It’s a basic question: what is point of view and when do you use which point of view (or POV) in a novel?
Point of view refers to the basic outlook of your story, who narrates it.
First-person POV is firmly in a character’s head and told as if the character was narrating the action. It uses “I, me, my, myself” to indicate the narrator. Another description is to consider the placement of the story’s camera. Here, the camera sits firmly behind the character’s eyes. What the narrator thinks, the reader knows.
I am scared to try back handsprings at the football game tonight because I haven’t practiced enough.
Second-person POV uses “you” as it talks directly to the reader. It’s considered an awkward POV for most fiction, although there are, of course, exceptions. Camera placement here would be above the narrator’s head, pointed at the reader.
You will notice that the cheers will come out with a series of aerials, including back handsprings.
Third-person POV uses “he, she, it, they” pronouns as it refers to people and events. For this POV, we often speak of how “close” it is to the narrator. Close 3rd person POV puts the camera directly above the main character’s head and the camera placement tells the reader about what the character is paying attention to, what s/he is thinking. It is different from the 1st person POV, in that, we don’t know the narrator’s thoughts directly, but only indirectly. Sometimes, the Close 3rd gives information and the reader assumes the character thought that, said that or did that.
She hesitated, then with a burst of energy, she sprinted then threw herself forward into a back handspring.
The 3rd person POV can also draw back and be more detached, a recitation of a narrative from a more objective POV. The nicest thing is that this POV can change focal length at will, drawing back to describe a football field, then zooming in to the cheerleader as she does a back handspring and feels a muscle tear.
Her hands pushed off the grass and she catapulted over, a perfect back handspring, until—oh, no! Just as she landed, her ankle, it gave way. Pain shot through her foot and she collapsed.
Omniscient POV puts the camera on the ceiling looking down at everyone. It dips in and out of character’s thoughts and gives a comprehensive look at anything and everything the author wants. It’s difficult to pull off, too, because the reader is uncertain where to focus. If done badly, the reader may try to identify with too many characters and fail to really care about any of them.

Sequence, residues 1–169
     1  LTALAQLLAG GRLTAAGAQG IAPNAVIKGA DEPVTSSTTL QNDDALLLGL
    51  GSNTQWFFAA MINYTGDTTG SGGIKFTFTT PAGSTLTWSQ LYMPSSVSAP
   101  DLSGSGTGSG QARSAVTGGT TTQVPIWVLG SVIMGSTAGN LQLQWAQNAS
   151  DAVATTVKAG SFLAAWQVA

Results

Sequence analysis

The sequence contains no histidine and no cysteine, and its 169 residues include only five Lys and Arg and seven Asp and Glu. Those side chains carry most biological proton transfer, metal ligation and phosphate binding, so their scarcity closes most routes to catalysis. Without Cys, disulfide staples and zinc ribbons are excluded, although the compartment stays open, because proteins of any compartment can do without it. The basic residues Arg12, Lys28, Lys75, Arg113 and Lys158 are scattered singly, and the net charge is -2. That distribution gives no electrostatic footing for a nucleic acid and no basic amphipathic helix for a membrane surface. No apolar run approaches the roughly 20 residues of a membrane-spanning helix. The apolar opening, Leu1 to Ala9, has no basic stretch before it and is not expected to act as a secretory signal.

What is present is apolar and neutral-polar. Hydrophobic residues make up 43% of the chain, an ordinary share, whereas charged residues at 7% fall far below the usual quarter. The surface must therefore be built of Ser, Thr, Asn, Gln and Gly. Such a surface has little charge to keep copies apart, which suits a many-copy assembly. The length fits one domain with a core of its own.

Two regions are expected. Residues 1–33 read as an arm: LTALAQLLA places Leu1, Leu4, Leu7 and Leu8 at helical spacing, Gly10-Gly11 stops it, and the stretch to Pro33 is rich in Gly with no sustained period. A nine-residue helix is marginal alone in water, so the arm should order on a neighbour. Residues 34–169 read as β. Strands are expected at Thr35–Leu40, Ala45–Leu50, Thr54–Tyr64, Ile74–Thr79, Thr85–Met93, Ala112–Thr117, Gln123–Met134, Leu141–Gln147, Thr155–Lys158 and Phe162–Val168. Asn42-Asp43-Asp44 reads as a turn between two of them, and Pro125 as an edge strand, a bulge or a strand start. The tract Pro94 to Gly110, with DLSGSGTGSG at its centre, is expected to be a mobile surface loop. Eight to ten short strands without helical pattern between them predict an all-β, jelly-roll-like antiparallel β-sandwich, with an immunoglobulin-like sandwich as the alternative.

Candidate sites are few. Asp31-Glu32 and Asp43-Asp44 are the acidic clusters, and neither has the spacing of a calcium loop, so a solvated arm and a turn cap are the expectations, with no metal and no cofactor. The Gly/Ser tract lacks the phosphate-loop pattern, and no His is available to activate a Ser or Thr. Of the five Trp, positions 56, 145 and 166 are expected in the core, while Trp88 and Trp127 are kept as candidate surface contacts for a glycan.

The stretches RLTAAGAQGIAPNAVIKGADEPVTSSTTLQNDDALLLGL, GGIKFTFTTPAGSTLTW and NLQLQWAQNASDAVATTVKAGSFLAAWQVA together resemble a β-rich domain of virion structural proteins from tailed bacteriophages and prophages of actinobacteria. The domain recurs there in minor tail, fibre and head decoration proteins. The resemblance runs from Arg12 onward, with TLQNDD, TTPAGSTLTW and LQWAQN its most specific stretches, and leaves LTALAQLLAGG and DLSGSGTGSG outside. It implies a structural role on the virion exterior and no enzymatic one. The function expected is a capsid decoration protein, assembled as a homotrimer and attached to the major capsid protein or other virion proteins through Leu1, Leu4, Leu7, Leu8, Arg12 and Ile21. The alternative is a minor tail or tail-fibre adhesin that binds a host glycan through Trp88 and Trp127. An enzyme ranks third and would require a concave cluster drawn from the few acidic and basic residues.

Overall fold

Bored, her Mom glanced up from her text message in time to see Betty sprint for the handspring. Would this game never end?
Oh, no! Pain shot through Betty’s foot. Mom, she thought, Mom. Where are you?
Notice that this is a discussion of point of view, not verb tense. You can write in 1st person, present tense or 1st person, past tense:
1st person, present tense: I walk across the football field.
1st person, past tense: I walked across the football field.
The difference in verb tense definitely affects the overall tone and voice of your novel, so you should consider it, too, when you write.
Use this photo and try writing from the POV of the climber, from each of the observers, and from an omniscient POV. Each POV will include and exclude certain types of observations, dialogue, descriptions and would result in very different narratives. For example, only a 1st person account from the climber herself could talk about how the rock felt under her hands.
When to Use Which Point of View
The default POV for fiction and novels has traditionally been 3rd person, past tense. It is closer to a storyteller of old telling a story about fictional or historical events. It is a sturdy workhorse of a POV, allowing for a wide range of stories.
Many authors feel that first-person POV allows the reader to identify with a character more closely. However, it requires some justification to use it instead of the default. It implies that the narrator should be telling the story for some reason. S/he has a unique voice, a unique role in the story, has been a careful observer of the story, is lying for some reason and therefore wants control of the story, etc. It works well for larger-than-life characters, unreliable narrators, or scientific observation. It might work, for example, for a deaf person, who has a unique way of observing the world. It works for angst-ridden teen or YA voices. If you choose this POV, you must work very hard to make sure the novel’s voice will carry the POV.
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